Please forgive the long delay, but I wanted to actually have something to update you on. I have decided to share with your what the experience has been like, so far, and some things to be cognizant of if you're considering making a foray into ecommerce Jamaican style.
As I mentioned in my first blog entry, I had always wanted to do business online; yet, it took me a while to decide on, or rather, come up with a viable product. Of all the things that came to mind, market produce was not one of them. But judging from the enthusiastic feedback and support I have been receiving, I think I'm onto something.
About three weeks ago I received an order from a name that should have rung a bell; but I've been so consumed with pushing the business forward that very few things outside of my family are allowed to distract me or enjoy any of my coveted attention. When I arrived at the client’s residence to deliver the items, we immediately recognized each other as former work colleagues. He was rather impressed with the initiative, paid his bill and gave me a few tips he believed would aid in my success. This made me smile, as he's one of the many customers, so far, who has been rooting for my success! Thank you for your three orders in one week Mr. you-know-who-you-are!
I shared that story because I want to highlight that there are many people out there rooting for Jamaica’s success as well as that of local small businesses. So many other persons have expressed their support and eagerness to see me succeed, and have commended me on what they believe is a novel idea. But, if I’m being truly honest, my idea is not so novel, considering that at least one other company in Jamaica does something similar to what my business does―I did not know this until a few weeks ago. Truth is, outside of Jamaica, just about anything can be purchased online. Unfortunately, much of the infrastructure that has made ecommerce so successful in other jurisdiction is either limited or non-existent in Jamaica.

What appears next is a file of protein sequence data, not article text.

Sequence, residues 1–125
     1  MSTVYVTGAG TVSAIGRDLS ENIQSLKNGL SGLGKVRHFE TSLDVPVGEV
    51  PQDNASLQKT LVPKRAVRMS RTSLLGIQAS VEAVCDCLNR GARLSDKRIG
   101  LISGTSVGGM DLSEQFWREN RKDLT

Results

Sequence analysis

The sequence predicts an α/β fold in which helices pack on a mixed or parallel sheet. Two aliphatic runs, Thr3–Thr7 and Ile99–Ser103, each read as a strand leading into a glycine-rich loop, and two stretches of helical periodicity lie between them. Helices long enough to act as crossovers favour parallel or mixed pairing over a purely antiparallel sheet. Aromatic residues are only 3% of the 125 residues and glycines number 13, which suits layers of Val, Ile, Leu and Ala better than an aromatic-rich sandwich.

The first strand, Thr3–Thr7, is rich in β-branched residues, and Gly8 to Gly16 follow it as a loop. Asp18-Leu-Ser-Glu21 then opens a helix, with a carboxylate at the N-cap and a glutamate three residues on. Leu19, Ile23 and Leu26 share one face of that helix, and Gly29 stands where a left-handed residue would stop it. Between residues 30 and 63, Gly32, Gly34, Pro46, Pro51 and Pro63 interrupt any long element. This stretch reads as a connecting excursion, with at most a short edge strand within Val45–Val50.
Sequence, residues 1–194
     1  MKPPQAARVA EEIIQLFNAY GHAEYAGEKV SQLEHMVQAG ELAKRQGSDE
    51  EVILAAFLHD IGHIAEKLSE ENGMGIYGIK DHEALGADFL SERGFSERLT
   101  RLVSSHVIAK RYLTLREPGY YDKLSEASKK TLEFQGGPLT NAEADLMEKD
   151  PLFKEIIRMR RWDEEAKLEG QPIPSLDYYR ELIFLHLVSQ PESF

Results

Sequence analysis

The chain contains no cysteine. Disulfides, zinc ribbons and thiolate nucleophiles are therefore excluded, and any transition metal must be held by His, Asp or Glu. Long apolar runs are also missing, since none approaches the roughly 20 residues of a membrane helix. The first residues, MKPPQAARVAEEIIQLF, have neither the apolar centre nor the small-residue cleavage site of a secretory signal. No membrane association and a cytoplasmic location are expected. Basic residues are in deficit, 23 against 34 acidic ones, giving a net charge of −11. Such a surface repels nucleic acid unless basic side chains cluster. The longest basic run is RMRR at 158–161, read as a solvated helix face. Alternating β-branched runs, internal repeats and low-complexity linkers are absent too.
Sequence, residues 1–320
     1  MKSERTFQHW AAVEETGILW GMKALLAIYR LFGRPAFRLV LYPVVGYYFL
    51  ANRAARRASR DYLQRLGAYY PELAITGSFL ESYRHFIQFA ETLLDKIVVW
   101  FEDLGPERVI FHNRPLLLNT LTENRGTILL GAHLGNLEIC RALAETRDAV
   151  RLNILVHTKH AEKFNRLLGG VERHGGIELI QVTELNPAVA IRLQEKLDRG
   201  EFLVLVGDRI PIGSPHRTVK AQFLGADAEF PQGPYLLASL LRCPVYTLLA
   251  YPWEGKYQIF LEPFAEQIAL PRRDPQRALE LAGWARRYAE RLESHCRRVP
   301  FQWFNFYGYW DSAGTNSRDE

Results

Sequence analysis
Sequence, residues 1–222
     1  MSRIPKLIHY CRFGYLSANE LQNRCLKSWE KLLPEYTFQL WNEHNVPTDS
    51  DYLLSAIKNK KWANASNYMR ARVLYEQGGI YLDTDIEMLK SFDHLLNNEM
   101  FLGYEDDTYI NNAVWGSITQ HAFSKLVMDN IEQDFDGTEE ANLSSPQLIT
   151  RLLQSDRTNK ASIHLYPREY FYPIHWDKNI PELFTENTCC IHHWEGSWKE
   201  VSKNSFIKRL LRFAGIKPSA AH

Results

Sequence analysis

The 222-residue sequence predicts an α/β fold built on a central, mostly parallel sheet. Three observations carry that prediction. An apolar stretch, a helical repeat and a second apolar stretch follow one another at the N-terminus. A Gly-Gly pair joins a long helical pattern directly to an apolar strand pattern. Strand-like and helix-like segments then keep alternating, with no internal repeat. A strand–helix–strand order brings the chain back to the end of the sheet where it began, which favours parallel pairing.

So, if you’re looking to start an online business in Jamaica, here are a few things to keep in mind:
- Online payment options can be a drag. Credit card penetration/usage is not that high in Jamaica, even with at least two banks offering Visa Debit cards.
- People in Jamaica seem to be even more skeptical of making online payments to local businesses. There seems to be a major trust deficit that we must overcome if our business environment is to improve.
- Transportation/delivery is expensive!
- People can be very judgmental. I was disappointed at how many people were critical of others who have no problems with ordering market produce online. At least three of my Facebook commenters have suggested that patrons of my business are lazy or “wutless” for shopping online! Go figure :-/
- You must deliver…literally. People are skeptical about this whole online shopping thing. But they will “try you out,” just to see if you’re for real. Hence, It’s so important to make a good first impression!
- You can do this! Despite all the challenges I have experienced so far, the positives far exceed the negatives, and with creativity, you can find a way to get around the shortfalls in the supporting local ecommerce infrastructure.
I expect that as more people take the plunge into ecommerce, the supporting infrastructure will be put in place. I strongly believe that this platform has the potential to significantly change the local business landscape and has great potential for economic spinoffs. I am excited about this prospect and hope to be a part of it.
‘Til next time .